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Home > Knowledge & support > Managing type 1 diabetes > Guide to type 1 diabetes technology > Hybrid closed loop technology (artificial pancreas)
A hybrid closed loop system takes readings from a continuous glucose monitor and uses an algorithm to tell an insulin pump how much insulin to deliver. It does this 24 hours a day.
If you have type 1 diabetes, you already use a treatment loop – you measure your blood glucose levels, work out how much insulin you need, then take a dose of insulin. For this, you need a blood glucose meter, your brain, and an insulin pen.
If you’re using a hybrid closed loop system, you use a CGM instead of a blood glucose meter, an insulin pump instead of a pen, and an algorithm instead of your brain.
The CGM tells the algorithm what your glucose levels are and the algorithm tells the pump how much insulin to deliver. It will pause the flow of insulin if your levels are low or increase the flow if your levels are high.
However, you will still need to check the system is working. You’ll also need to count carbs and be aware of how quickly carbohydrate will reach your bloodstream, so that you can give the system correct bolusing data before you eat.
By automating the treatment loop, hybrid closed loop systems can dramatically reduce the number of decisions you have to make every day.
With hybrid closed loop systems, you can spend more time with your glucose levels in range, with less effort. For example, if you have a hypo whilst sleeping, hybrid closed loop technology will temporarily turn off the delivery of insulin to minimise the time you spend below target range. Your insulin will also be slowed or turned off if the sensor detects that glucose levels are likely to dip into a hypo.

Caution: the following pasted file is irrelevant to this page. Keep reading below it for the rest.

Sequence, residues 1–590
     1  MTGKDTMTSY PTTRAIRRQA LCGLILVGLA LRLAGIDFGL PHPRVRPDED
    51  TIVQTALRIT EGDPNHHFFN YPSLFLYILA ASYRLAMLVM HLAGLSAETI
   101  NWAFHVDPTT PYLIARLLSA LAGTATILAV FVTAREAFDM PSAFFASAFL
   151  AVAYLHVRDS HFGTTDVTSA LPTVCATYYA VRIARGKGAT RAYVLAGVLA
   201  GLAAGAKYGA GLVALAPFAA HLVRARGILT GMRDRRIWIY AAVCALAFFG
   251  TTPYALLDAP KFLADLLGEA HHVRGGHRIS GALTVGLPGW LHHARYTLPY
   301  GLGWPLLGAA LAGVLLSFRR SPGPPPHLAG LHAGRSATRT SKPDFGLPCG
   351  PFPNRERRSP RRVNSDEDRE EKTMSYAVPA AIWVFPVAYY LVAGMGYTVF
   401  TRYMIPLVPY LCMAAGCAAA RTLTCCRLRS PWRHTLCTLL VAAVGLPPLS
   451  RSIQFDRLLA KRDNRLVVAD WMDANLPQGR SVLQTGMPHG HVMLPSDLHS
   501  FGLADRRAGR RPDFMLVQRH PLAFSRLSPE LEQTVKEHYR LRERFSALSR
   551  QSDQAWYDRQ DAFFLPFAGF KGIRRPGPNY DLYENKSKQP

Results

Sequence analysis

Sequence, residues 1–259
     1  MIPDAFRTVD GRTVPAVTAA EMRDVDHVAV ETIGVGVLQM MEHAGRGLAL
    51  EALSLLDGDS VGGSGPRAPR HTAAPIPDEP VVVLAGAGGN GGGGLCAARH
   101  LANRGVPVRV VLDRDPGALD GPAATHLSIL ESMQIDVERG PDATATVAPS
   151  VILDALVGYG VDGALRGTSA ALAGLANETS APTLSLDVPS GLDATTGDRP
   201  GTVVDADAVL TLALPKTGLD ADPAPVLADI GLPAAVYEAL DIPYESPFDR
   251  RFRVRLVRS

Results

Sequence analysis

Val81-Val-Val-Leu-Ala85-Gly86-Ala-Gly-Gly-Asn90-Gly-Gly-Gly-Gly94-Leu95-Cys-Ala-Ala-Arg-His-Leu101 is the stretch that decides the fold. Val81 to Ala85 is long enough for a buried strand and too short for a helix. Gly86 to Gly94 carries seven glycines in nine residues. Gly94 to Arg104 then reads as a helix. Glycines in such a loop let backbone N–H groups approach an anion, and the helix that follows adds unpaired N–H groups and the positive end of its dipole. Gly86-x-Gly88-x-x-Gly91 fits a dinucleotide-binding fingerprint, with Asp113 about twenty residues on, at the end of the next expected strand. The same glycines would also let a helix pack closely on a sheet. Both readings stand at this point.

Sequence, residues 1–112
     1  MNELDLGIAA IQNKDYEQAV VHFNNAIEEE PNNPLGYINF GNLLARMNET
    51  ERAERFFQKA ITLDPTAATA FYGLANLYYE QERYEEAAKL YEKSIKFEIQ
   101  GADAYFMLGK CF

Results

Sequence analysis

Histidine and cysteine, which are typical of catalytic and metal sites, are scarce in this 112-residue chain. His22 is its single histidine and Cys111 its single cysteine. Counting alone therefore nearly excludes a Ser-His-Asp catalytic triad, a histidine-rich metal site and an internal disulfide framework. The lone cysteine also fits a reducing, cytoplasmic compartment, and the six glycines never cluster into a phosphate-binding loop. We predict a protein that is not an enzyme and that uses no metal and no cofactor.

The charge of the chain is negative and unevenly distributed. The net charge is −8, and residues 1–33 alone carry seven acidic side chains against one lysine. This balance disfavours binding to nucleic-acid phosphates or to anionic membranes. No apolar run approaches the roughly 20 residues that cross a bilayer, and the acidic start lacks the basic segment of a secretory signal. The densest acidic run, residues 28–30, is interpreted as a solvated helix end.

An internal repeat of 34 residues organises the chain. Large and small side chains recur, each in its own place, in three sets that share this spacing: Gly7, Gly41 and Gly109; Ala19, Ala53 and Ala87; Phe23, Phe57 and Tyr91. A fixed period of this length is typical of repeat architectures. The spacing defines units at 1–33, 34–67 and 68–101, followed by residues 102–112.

Similarly, if the sensor detects that your glucose level is likely to rise above target, it will temporarily increase the basal rate or deliver small corrective boluses – or a combination of both.
Using a hybrid closed loop system eases the burden of type 1 but doesn’t mean that type 1 treatment is completely automated. For example, you still need to count carbs and give the system bolusing information when you eat.
You will still need to keep an eye on your glucose levels and take action if the system isn’t working properly, for instance if your insulin infusion site isn’t working well. As you only use rapid acting insulin with a hybrid closed loop system, you can quickly develop ketones if your glucose rises and stays high due to technical issues.
There are several hybrid closed loop systems available that work with a variety of pumps and CGMs. Talk to your Diabetes Healthcare Team about what might be available to you.
Visit the Association of British Clinical Diabetologists for more expert opinions on hybrid closed loop systems.
You may have heard this technology referred to as either artificial pancreas or hybrid closed loop, or both.
It’s called the artificial pancreas because the system tries to replicate what the insulin-producing beta cells in the pancreas do in someone without type 1. Some people aren’t happy with this, because it makes it sound like the person using an artificial pancreas has the equivalent of a fully functioning pancreas, which isn’t true because it still takes effort to make sure the system works properly.